Tudor & Elizabethan Painting

Some of the most famous Elizabethan works of art are miniature paintings. Miniatures came from the tradition of illuminated manuscripts and from Renaissance portrait medals, a revived classical form. It is said that the foreign artist Hans Holbein, instructed Nicholas Hilliard, the British miniature painter, in the technique. Almost a dozen miniatures by Holbein survive. Similarly, Holbein popularized the full-length portrait.

Hans Holbein (born Augsburg, 1497/8, died London 1543) was the son of the painter and goldsmith Hans Holbein the elder. Holbein the younger traveled in 1514 to Basel as a journeyman and worked for Johannes Froben, the printer of Sir Thomas More's "Utopia" (1518). He also designed the title page for Luther's German translation of the Bible (1522) and 51 woodcuts for his series "The Dance of Death," published in Lyon. His major religious paintings date from the 1520s, early in the Reformation.

Erasmus introduced Holbein to Thomas More. Holbein painted More and his family in a group portrait 1526-27, destroyed in 1752, and known today in the form of copies. After he settled permanently in England in 1532 Thomas Cromwell helped Holbein gain royal patronage.

At Whitehall Holbein depicted Henry VIII with his parents and his third wife Jane Seymour. Henry VIII also asked Holbein to paint a portrait of Anne of Cleves (1539/40).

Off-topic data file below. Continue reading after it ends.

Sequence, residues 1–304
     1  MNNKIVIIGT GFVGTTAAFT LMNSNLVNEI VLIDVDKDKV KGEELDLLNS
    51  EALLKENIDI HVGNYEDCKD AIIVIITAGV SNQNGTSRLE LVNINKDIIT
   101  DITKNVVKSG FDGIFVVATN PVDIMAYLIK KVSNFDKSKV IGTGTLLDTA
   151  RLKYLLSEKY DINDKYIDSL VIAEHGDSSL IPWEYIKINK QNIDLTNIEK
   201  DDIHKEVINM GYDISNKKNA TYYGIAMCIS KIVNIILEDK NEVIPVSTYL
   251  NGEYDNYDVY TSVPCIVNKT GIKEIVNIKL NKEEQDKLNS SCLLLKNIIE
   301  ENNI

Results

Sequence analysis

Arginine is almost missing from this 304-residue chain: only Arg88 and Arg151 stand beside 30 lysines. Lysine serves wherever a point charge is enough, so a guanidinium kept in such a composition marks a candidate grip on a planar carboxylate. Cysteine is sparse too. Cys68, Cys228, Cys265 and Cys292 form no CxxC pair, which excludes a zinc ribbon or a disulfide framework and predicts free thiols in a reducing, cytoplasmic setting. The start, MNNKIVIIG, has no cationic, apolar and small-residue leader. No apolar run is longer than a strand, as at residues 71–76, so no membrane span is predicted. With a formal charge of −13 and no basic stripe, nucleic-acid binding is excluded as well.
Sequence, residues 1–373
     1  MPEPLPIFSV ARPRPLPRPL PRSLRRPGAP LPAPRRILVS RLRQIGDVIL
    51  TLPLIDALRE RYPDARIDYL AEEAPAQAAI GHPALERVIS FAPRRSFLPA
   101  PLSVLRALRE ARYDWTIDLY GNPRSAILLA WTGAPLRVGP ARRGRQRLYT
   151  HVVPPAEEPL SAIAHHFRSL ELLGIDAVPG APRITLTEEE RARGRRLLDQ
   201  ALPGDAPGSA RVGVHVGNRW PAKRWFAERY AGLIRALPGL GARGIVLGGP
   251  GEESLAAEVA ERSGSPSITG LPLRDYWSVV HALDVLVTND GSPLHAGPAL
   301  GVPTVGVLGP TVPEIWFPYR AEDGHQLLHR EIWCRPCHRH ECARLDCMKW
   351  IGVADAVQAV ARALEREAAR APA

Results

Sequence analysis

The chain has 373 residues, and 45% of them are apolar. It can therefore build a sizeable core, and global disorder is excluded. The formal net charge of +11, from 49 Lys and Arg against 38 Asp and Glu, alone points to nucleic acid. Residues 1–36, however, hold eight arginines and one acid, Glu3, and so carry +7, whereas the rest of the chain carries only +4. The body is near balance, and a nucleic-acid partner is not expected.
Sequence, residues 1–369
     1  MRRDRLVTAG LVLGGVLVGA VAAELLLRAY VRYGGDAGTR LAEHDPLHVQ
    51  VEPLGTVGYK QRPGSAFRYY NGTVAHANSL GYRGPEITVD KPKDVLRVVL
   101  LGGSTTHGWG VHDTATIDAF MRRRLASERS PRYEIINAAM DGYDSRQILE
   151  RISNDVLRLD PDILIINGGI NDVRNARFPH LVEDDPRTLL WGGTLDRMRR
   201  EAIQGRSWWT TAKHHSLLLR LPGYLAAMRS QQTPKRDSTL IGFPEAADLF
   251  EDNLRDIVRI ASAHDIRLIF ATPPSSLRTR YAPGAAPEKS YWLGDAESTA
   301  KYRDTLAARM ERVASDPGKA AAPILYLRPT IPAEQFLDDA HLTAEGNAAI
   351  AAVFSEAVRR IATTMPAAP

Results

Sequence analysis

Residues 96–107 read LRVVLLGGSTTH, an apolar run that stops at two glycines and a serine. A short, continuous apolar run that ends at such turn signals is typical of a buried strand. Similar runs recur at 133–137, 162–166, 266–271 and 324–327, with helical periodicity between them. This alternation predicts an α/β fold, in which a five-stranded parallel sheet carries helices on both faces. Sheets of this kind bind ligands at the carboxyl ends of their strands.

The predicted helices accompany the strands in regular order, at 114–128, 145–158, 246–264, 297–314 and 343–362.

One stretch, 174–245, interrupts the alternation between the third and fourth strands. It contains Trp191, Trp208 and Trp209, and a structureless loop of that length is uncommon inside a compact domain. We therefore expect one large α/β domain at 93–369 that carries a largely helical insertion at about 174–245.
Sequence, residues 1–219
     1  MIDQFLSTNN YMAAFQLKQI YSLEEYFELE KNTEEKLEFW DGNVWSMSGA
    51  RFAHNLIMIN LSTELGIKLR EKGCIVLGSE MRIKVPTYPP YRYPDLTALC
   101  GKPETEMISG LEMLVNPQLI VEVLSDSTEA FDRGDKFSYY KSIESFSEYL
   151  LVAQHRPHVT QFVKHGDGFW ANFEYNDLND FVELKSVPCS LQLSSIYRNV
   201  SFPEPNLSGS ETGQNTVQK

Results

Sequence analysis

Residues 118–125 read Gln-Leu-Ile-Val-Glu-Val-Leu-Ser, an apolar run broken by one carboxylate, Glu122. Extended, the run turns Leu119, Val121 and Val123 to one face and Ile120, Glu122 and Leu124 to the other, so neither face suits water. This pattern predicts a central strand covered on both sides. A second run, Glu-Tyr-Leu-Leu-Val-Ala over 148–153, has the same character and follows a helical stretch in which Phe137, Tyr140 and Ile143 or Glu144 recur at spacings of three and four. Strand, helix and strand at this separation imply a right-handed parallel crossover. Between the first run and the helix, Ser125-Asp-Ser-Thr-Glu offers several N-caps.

The Ambassadors" of 1533 is a full-length double portrait by Holbein of the French Ambassador Jean de Dinteville and the Bishop Georges de Selve. An anamorphic skull between the two figures functions as a "memento mori" (Latin, reminder of death).

Shakespeare alludes to a painting of this kind in "Richard II" (II.ii.18-20) when Bushy refers to "perspectives, which rightly gazed upon, Show nothing but confusion- eyed awry,/ Distinguish form."

Many of the famous portraits of Elizabeth were painted by Nicholas Hilliard. Hilliard (c. 1547-1619) the son of an Exeter goldsmith, was appointed Court Miniaturist and Goldsmith c. 1570. While he traveled in France c. 1577-78, he acknowledged Holbein in the pamphlet "The Arte of Limining," stating, "Holbein's manner of limining I have ever imitated, and hold it for the best." He also advocated copying the engravings of the German artist Albrecht Dürer and recorded a conversation when the Queen sat for him, stating she preferred to be seated in the "open alley of a goodly garden." Hilliard noted, "for the lyne without shadows showeth all to good judment, but the shadowe without lyne showeth nothing." In contrast, Italian artists favored shading or chiaroscuro.

Hilliard produced miniatures painted on vellum or ivory or card. The miniatures often functioned like lockets or cameos. Many of the larger court portraits of Elizabeth were based upon Hilliard's miniatures and portraits.